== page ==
(The theme of International Women’s Day 2021 is #ChooseToChallenge.  From March 8th to 12th I’ll be posting a blog each day focussing on one thing we can #ChooseToChallenge in order to make progress towards gender equality).

When I was 12, my male physics teacher told me “girls don’t do physics”. One 1st class physics degree and a PhD in a physical science based subject (meteorology) later, I think you could say that I challenged his expectations of me.

Today is International Women’s Day (2021) and later I’ll be addressing students from Roedean School as part of their festival celebrating “inspiring women”. Whilst I love the opportunity to talk about my former career as a meteorologist and climate scientist, and the opportunity to spread excitement about my own little corner of science, I don’t believe a lack of “inspiration” is a huge part of what is behind the still pitifully low representation of women in science and engineering workforce.

Actually, meteorology and its related subjects fares reasonably well compared to other physics and maths based disciplines. For example, 26% of the UK STEM workforce is female, but when I used to teach in a university meteorology department, our undergraduate and graduate cohorts were often much closer to 50% female. ~35% of the Met Office’s staff are women – a fact that they are rightly proud of.

Building a gender parity workforce is about much more than attracting women into it, it’s about providing a culture where women (and everyone else) can be who they want to be and are supported to achieve whatever they want to achieve in the profession. Some places get this – in academia the Athena SWAN charter mark and self-assessment process provides a framework for doing so. However, there are still many outdated and directly or indirectly discriminatory practices in every organisation.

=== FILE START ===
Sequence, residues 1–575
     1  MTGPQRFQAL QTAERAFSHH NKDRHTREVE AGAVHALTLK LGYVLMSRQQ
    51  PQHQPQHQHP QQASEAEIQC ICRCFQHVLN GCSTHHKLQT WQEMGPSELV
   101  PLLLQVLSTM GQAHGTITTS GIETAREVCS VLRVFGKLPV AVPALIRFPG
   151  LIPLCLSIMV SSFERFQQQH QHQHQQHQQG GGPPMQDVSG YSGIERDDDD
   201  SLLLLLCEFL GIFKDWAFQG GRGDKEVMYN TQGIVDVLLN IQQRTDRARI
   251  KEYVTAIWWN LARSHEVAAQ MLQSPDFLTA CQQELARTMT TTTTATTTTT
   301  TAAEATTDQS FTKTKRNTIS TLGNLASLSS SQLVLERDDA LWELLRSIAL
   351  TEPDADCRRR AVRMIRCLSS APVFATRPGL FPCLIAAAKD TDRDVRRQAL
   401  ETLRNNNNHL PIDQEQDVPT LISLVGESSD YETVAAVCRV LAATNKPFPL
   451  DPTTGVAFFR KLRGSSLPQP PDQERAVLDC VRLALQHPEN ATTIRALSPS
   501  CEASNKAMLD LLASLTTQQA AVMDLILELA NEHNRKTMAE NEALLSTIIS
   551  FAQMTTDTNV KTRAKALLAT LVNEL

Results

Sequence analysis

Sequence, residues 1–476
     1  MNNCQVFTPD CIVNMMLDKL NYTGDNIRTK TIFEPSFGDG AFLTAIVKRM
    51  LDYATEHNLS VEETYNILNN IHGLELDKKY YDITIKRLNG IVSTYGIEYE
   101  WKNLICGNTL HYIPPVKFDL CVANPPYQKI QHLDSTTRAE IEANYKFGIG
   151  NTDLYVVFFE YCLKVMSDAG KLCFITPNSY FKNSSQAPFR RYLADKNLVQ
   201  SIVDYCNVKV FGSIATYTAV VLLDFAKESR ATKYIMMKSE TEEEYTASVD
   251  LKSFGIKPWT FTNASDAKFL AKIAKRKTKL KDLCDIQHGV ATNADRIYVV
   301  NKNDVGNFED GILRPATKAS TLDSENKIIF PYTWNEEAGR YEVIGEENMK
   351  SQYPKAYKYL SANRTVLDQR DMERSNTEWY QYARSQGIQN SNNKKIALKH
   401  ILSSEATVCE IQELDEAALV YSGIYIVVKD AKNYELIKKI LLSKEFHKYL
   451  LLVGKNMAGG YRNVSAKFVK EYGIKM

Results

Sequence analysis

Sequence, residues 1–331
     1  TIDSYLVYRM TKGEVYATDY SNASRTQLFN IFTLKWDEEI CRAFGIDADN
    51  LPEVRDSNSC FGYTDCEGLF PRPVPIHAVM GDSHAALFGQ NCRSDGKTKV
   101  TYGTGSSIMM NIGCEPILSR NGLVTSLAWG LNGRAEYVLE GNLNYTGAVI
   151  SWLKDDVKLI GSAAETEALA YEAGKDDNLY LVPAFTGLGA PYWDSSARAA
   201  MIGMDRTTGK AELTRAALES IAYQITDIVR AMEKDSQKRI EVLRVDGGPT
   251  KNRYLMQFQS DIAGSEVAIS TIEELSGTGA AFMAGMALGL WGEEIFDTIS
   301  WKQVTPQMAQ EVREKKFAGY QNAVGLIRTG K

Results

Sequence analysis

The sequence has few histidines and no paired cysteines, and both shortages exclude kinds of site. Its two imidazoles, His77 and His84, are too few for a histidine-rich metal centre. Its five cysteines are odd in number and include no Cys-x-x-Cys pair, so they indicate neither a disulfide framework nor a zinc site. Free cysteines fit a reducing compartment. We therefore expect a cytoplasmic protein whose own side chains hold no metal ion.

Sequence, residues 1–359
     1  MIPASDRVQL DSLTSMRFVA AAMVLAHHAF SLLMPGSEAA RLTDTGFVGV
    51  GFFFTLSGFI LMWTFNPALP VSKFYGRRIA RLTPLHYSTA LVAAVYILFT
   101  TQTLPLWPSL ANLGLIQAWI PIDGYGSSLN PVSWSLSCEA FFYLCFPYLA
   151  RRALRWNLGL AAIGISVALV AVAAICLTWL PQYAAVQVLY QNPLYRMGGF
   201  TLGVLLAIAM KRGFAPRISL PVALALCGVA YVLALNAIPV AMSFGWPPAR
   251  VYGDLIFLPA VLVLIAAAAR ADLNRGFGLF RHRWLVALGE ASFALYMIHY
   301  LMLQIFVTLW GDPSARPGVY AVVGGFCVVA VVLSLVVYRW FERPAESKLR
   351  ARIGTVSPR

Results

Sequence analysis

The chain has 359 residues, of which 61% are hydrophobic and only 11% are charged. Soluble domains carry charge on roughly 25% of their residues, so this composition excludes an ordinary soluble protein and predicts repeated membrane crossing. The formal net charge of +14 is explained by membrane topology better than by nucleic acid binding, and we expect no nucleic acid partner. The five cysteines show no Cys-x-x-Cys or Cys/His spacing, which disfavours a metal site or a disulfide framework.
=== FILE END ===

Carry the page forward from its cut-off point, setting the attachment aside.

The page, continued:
The theme of IWD2021 is #ChooseToChallenge and there are many things that could still do with challenging in the progress towards gender equality. For the rest of this week, I’m going to post one each day – some will have a definite STEM and even meteorology flavour as I’ve been digging through my meteorology resources. Others are more widely applicable.

Today I’d like to introduce you to two women meteorologists who are examples of people who #ChooseToChallenge society’s gendered expectations.

 Eleanor Anne Omerod: (1828-1901) was the first woman to be made a Fellow of the Royal Meteorological Society. She became interested in meteorology because she was an entomologist and interested in the impact of weather on insects. Eleanor played a pivotal role in establishing economic entomology, the study of insects that benefit or harm humans, domestic animals, and crops, as a science of national importance.



Joanne Simpson: (1923-2010), the first female meteorologist with a Ph.D. She was also a pilot and aviation meteorologist, and mission scientist for TRMM satellite mission. The fascinating story of how she got interested in meteorology during WW2 and ended up working on the tropical cloud systems that had fascinated her as a sailor can be found https://earthobservatory.nasa.gov/features/Simpson/simpson2.php. I particularly like the quote about being told by one of the most eminent meteorologists at the time that she could work on clouds as no one was very interested in them, so it was a good subject “for a little girl to study.” Clouds are now known to be one of the most important and challenging parts of the climate system!

What limiting expectation placed on you because of the gender with which you identify will you #ChooseToChallenge?

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